There is no innovation, no appeal anymore. I understand that even major brands are shaving off expenses by reducing their stand sizes, but this is a reaction to dwindling excitement and dropping numbers. Both Messe and the exhibitors seem not to understand that their downward spirals are intertwined… and that the visitors should be the absolute last to suffer for it.
Then there’s the idea of making every day open to the public. I’m by no means elitist about this, but you’d understand the frustration if you ever worked an expo stand yourself. Public days at trade shows are the equivalent of breaking into a zoo and opening all the cages simultaneously… after not feeding the animals for a couple of days. I’m not even kidding, it’s literally that bad. Granted, turning every day into public day guarantees some sort of constant attendance throughout the show, and that’s certainly better than having only one public day that feels like fighting off a swarm of locusts that rip and tear through anything that isn’t bolted down (again: not kidding) — but there should still be one day dedicated to press, and press alone, so we can do our job properly.
Then again, why would we bother when everyone and their mom announces everything prior to the doors even opening? Dear industry – this approach to marketing is stupid. You want genuine engagement, don’t you? You want discussion, speculation, anticipation and excitement to grow organically. Guess what: we want the same thing. We are here to help you with that, but we can’t and won’t bother trying for much longer if you keep messing things up for us.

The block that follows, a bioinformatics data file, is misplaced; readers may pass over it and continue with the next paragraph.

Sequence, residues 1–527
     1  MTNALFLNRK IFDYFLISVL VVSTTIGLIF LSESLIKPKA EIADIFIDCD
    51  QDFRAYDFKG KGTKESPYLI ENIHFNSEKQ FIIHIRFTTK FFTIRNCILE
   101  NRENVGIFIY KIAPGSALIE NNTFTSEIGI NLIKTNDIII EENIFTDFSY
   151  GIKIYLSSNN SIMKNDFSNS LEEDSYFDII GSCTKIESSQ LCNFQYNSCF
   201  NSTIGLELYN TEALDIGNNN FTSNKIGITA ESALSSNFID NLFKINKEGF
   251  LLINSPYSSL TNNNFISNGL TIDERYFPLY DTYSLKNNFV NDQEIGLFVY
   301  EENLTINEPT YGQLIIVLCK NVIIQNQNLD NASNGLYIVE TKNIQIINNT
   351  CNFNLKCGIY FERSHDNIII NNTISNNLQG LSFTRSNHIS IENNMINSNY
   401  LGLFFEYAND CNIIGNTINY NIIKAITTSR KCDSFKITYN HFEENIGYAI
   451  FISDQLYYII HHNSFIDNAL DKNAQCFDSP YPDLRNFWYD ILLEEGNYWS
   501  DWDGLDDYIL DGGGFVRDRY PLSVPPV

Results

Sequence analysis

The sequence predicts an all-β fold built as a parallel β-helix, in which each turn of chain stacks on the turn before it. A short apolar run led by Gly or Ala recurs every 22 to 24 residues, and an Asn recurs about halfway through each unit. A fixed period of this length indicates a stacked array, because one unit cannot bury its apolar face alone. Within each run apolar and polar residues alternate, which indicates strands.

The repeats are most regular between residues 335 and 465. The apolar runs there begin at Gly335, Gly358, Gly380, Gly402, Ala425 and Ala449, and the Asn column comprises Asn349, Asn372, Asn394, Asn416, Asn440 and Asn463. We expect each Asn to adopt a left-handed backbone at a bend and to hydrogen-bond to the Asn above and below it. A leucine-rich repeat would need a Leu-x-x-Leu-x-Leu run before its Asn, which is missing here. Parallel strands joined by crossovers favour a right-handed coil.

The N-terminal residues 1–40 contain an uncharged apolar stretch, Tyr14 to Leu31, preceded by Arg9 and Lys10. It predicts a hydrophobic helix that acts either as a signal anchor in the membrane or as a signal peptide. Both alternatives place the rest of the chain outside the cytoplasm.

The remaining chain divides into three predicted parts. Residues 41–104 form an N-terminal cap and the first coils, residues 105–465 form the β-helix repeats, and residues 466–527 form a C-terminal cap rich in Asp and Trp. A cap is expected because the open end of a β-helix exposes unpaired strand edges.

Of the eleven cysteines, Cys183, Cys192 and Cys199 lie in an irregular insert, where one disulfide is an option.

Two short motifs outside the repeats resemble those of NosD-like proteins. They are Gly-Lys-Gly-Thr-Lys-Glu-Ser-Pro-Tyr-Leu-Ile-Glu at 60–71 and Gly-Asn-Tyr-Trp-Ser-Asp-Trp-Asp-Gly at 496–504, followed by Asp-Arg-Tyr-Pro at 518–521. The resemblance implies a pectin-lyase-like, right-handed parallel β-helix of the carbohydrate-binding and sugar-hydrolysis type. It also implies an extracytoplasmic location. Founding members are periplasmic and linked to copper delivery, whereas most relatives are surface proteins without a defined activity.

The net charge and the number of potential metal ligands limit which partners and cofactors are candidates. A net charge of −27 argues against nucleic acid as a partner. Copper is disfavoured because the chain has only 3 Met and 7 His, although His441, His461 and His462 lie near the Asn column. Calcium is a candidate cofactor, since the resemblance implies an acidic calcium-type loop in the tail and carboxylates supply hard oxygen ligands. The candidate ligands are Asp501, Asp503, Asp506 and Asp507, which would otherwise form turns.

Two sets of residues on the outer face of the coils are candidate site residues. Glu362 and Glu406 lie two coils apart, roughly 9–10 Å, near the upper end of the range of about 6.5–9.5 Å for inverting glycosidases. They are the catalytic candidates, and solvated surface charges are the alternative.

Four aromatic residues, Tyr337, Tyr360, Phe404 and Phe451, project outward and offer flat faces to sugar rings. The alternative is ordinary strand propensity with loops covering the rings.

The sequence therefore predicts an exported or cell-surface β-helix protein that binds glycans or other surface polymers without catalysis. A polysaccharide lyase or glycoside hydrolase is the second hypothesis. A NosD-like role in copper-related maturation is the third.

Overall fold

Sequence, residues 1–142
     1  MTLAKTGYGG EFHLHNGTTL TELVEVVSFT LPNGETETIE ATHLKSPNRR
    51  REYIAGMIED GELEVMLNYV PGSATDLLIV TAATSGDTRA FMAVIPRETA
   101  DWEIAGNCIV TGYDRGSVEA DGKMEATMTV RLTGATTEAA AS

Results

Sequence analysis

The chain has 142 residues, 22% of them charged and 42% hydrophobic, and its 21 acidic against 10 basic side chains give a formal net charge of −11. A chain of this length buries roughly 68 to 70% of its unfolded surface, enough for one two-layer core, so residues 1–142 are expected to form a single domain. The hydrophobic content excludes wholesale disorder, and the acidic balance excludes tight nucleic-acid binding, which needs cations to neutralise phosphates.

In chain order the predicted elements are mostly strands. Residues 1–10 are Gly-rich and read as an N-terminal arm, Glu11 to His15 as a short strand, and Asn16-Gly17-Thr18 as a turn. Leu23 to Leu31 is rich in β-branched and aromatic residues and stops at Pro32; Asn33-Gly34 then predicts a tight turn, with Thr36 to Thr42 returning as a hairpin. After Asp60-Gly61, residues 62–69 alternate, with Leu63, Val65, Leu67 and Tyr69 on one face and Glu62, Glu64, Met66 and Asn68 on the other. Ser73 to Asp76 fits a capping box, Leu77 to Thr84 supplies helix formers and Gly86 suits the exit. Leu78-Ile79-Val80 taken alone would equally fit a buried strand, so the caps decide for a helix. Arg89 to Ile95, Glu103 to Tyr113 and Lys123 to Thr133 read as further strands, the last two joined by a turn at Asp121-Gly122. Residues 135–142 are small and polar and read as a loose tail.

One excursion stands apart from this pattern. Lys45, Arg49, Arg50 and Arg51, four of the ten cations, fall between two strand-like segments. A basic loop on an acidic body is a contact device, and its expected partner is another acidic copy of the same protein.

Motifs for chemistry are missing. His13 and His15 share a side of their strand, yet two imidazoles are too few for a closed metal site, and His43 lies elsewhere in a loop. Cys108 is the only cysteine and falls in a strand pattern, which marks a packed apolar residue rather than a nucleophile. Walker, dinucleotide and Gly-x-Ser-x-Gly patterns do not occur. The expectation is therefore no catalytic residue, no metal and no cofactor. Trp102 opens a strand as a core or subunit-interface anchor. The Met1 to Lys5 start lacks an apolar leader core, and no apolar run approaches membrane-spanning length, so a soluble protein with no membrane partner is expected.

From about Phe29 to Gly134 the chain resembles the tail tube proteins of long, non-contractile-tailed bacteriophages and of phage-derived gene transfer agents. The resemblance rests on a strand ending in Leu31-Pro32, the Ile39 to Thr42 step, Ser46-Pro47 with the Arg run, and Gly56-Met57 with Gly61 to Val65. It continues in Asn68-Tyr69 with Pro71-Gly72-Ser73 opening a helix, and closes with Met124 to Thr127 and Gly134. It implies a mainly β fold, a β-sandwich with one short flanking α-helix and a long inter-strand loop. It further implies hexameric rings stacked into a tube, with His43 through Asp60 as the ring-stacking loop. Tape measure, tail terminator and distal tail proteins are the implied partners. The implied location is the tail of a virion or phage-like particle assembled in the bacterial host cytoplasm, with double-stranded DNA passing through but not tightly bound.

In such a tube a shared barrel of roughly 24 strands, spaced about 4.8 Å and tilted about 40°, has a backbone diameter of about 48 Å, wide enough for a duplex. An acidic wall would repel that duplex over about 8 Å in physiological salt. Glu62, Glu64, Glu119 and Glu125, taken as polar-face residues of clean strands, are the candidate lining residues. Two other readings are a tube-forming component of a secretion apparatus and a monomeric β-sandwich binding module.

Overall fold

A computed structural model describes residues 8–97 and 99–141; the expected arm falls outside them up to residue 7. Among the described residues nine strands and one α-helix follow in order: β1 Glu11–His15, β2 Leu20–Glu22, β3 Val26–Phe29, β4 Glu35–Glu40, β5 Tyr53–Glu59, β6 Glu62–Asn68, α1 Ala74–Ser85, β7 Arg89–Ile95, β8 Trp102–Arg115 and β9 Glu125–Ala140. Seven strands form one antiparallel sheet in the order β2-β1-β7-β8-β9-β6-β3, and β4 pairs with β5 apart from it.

SOME CONTEXT FROM THE EDITOR
When we started going to shows back in 2003, it was considerably cheaper and there was genuinely too much to see on launch day. We were able to go about our business relatively unhindered and report back on all the cool shiny that at that point you hadn’t seen before. And we excelled in this area, largely because of the lack of competition, but frankly because we’re bloody good at it.
But social media changed everything. Being first became a pointless game — you simply cannot beat the casual Twitter or Instagram user that captures a surreptitious pre-show snap here and there essentially fulfilling the craving for new shiny info. So it became a game of quality, thankfully something we’re also bloody good at.